Obviously he tried to lead us to the idea that "computer
is the core of all interactivity". He dismissed all other
forms of "interactive" performance by the idea of "listening,
thinking and speaking". He claimed that this is an "on-going
loop", and that is what makes an "interactive performance".
I believe that many have the same idea as I do: Jazz music, dances,
theatre performances, and stand-up comedies are of course interactive
performances. And his "listening, thinking and speaking"
is not the only idea to define "interactivity". I believe
conversations can be easily explained by the act of "ball-throwing".
We catch the ball from the speaker, and throw it back. But if
we play by his rules, the focus is of course on "programming".
That's the only difference between "ball-throwing" and
that " three-step procedure", the processing part.
He used about a page to explain why we have to focus on the "programming"
ability of computer and don't use it just as new medium for other
form of arts. In his idea, the "What you see is what you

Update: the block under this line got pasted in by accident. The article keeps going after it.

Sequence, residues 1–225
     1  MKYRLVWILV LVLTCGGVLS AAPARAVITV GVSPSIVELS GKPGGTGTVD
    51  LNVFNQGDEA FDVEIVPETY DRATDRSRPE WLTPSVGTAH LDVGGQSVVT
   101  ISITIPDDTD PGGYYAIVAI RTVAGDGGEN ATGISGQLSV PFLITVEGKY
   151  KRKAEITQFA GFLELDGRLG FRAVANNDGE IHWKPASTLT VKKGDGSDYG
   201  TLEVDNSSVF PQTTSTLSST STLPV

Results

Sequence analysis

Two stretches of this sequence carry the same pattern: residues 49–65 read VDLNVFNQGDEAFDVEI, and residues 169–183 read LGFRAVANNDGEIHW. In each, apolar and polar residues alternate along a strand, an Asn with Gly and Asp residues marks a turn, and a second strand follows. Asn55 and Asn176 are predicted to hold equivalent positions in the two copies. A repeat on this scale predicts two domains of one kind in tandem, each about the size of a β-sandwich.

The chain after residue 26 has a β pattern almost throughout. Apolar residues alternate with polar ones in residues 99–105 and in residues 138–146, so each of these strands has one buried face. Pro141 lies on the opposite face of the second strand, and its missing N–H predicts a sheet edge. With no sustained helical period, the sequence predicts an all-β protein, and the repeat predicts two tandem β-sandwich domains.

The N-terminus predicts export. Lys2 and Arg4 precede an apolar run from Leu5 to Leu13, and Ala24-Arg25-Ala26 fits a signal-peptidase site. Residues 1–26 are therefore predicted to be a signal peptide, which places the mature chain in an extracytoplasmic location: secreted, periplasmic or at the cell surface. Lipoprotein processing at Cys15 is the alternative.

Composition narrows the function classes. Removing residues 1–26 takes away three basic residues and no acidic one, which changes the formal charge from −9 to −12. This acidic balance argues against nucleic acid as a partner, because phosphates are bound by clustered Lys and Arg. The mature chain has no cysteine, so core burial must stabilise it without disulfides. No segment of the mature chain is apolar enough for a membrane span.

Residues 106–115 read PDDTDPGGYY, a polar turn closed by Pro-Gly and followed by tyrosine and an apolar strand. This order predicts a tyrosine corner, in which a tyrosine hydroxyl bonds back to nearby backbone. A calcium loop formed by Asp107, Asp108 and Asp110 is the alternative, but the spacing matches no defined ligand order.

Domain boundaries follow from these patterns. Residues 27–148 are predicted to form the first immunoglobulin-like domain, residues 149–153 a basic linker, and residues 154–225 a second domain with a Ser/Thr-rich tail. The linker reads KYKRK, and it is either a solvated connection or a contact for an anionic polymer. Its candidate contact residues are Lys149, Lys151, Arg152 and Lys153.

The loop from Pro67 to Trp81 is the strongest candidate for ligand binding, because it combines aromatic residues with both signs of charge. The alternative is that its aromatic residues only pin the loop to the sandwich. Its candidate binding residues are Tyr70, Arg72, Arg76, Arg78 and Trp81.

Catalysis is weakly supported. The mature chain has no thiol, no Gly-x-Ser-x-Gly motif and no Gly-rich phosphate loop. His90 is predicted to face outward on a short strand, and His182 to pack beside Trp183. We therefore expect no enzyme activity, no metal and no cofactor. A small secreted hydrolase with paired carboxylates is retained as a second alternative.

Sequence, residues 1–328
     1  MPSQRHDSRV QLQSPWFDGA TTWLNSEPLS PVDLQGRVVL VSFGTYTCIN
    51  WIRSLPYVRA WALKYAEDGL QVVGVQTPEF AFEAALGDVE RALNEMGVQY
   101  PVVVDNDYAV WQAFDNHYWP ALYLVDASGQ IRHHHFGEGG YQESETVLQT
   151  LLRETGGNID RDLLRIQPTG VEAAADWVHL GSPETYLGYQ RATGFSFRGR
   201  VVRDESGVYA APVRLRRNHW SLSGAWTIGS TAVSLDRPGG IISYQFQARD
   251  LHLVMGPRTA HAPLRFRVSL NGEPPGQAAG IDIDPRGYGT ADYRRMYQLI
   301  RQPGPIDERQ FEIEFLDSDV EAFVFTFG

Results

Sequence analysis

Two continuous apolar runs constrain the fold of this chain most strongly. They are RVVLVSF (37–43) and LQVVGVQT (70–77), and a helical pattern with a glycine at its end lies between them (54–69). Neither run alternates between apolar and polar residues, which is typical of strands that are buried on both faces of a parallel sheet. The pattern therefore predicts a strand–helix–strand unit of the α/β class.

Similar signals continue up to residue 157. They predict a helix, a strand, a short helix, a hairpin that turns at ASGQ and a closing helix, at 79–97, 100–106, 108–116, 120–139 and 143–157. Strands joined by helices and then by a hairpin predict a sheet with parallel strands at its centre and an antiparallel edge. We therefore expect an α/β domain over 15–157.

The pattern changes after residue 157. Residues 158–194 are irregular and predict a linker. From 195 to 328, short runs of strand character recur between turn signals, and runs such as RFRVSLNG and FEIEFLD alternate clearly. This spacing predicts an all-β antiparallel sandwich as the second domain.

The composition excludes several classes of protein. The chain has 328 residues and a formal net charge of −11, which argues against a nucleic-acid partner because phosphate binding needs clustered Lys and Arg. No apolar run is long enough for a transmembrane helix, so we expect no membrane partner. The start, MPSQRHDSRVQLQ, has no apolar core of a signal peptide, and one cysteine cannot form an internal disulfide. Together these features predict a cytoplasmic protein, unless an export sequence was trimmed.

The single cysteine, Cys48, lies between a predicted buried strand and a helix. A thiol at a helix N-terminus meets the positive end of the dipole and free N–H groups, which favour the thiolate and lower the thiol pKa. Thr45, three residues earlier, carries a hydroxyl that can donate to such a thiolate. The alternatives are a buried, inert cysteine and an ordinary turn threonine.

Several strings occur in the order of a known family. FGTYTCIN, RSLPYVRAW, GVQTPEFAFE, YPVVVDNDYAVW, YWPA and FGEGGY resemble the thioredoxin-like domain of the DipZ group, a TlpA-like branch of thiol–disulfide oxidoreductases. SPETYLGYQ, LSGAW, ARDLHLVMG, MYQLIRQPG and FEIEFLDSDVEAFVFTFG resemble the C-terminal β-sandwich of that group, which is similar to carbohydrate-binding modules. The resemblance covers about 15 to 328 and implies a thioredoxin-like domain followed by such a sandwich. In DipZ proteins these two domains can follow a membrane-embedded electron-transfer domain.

get"; the immediacy is what makes a program "interactive".
But can computers make such differences as he claimed?
He stated that there is no interaction going on when playing with
the fridge, however, I feel playing with the computer is quite
the same. The only difference is the computers have "variables".
It "gathers" more information and makes responses accordingly.
The more information or category system a "processor"
has, the more "refined" responses it makes. But however
large memory a processor has to store all the information, the
way it responses is still fixed, as the repertoire is fixed in
a performance. Therefore the only part I see eye to eye with him
is the attraction of a machine being able to imitate human reactions,
and how it can change the way we express and communicate.